Quotes About Welcome

Quotes tagged as "welcome" (showing 1-30 of 42)
Want to keep Christ in Christmas? Feed the hungry, clothe the naked, forgive the guilty,
“Want to keep Christ in Christmas? Feed the hungry, clothe the naked, forgive the guilty, welcome the unwanted, care for the ill, love your enemies, and do unto others as you would have done unto you.”
Steve Maraboli, Unapologetically You: Reflections on Life and the Human Experience

Bram Stoker
“Once again...welcome to my house. Come freely. Go safely; and leave something of the happiness you bring.”
Bram Stoker, Dracula

Christopher Moore
“Only cops and vampires have to have an invitation to enter.”
Christopher Moore

Jean Vanier
“One of the marvelous things about community is that it enables us to welcome and help people in a way we couldn't as individuals. When we pool our strength and share the work and responsibility, we can welcome many people, even those in deep distress, and perhaps help them find self-confidence and inner healing.”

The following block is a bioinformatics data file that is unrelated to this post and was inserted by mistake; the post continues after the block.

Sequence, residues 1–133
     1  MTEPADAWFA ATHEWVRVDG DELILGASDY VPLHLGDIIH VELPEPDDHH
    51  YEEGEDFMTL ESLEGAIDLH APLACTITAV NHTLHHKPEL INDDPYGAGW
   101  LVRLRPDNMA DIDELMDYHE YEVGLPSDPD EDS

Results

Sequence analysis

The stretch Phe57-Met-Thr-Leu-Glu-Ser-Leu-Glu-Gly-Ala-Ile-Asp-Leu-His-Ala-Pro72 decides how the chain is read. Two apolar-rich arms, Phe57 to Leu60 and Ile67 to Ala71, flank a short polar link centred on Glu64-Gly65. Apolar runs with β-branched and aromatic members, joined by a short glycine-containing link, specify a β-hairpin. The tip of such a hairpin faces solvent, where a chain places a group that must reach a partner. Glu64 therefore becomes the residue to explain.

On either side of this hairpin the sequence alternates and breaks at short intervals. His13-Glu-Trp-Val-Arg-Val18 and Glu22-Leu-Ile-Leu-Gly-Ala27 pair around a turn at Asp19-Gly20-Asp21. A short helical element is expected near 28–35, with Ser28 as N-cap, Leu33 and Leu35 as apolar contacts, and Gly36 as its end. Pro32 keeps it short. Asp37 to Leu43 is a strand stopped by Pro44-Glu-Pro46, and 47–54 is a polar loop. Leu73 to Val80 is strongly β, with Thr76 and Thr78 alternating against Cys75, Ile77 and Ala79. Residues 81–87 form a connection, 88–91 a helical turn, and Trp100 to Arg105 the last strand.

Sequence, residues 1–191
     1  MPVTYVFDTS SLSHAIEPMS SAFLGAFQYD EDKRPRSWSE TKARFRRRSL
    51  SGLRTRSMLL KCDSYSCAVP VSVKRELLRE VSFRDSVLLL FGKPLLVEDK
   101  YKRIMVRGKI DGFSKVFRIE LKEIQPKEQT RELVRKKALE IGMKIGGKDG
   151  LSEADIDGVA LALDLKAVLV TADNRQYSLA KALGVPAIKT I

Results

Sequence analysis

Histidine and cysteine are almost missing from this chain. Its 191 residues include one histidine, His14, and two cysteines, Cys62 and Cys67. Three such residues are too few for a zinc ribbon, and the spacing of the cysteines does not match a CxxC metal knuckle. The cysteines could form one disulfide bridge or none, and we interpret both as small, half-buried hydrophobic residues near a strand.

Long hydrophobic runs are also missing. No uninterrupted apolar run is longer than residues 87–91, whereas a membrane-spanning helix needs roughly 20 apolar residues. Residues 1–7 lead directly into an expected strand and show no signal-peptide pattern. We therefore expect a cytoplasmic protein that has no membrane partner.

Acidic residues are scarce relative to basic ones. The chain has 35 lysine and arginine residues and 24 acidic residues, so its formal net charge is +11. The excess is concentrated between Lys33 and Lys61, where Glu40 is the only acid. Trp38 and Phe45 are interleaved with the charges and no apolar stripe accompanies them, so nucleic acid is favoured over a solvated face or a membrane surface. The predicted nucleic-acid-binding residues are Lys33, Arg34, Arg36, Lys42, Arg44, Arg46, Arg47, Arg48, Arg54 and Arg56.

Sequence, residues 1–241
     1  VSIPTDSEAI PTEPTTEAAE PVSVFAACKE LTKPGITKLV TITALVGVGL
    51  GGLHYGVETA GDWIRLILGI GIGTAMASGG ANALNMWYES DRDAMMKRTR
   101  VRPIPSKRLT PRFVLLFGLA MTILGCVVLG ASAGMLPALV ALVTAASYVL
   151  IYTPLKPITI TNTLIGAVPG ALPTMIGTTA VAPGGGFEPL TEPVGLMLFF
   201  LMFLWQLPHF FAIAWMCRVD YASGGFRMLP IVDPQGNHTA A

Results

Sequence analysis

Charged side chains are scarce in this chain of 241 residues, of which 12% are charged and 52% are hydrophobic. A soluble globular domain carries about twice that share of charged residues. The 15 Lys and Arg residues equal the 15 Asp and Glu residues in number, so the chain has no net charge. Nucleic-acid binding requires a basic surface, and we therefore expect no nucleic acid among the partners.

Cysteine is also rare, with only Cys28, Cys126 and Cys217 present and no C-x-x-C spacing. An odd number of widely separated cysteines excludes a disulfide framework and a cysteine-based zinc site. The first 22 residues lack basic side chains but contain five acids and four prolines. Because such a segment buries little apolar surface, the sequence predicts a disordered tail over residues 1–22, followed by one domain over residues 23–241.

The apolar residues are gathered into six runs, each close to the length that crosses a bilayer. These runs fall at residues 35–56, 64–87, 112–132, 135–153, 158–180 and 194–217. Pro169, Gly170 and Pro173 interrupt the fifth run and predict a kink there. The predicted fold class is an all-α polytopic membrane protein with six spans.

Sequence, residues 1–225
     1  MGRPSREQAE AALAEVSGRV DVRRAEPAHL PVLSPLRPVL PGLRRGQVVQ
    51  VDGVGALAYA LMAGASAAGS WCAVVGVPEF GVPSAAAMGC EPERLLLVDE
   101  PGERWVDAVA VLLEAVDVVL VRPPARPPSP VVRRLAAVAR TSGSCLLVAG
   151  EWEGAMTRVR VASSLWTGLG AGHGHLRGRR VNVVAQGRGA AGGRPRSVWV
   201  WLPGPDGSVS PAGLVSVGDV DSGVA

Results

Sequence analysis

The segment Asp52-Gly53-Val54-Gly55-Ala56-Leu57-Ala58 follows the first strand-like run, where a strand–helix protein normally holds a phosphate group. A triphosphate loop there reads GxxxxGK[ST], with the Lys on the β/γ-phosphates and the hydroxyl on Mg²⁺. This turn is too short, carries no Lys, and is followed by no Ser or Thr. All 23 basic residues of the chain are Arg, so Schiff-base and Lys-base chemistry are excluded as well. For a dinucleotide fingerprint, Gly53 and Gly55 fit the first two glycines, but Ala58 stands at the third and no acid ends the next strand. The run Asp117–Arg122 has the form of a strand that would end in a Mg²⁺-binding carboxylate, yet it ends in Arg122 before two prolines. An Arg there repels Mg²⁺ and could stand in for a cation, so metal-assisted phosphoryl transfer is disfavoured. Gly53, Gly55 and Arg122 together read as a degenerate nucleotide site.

Jean Vanier, Community And Growth

Gemma Malley
“Because no one needs to live for ever. I think that sometimes you can outstay your welcome.

Gemma Malley, The Declaration

Bram Stoker
“Enter freely and of your own free will!”
Bram Stoker, Dracula

Vanna Bonta
“There is no hospitality like understanding.”
Vanna Bonta, Flight: A Quantum Fiction Novel

“With good reason, love's messengers, Eros and Kama, are armed with bows and long-distance arrows. No being, god or mortal, can choose love. Love comes despite ourselves; and then, if we have not already done so, we have the task of becoming our selves so we may welcome love.”
Diane Wolkstein, First Love Stories: From Isis and Osiris to Tristan and Iseult

Debasish Mridha
“Clouds can never hide the sun forever; so don't complain about clouds but never forget to welcome the sun.”
Debasish Mridha

Michael Bassey Johnson
“There are greater things to be achieved in every new year, and each and everyone must prepare themselves to be great, not by words of the mouth, but by alot of sacrifices.”
Michael Bassey Johnson

Cassandra Clare
“Welcome to Shadowhunter Academy.”
Cassandra Clare, Welcome to Shadowhunter Academy

Laura C. Monteiro
“It only takes one cat – or person – to make another feel welcome and special.”
Laura C. Monteiro, Mariah Makes a Friend

“What manner of mind considers this holy estate [pregnancy] which women are privileged by the Almighty to attain as a slur upon the social conscience?”
Grantly Dick-Read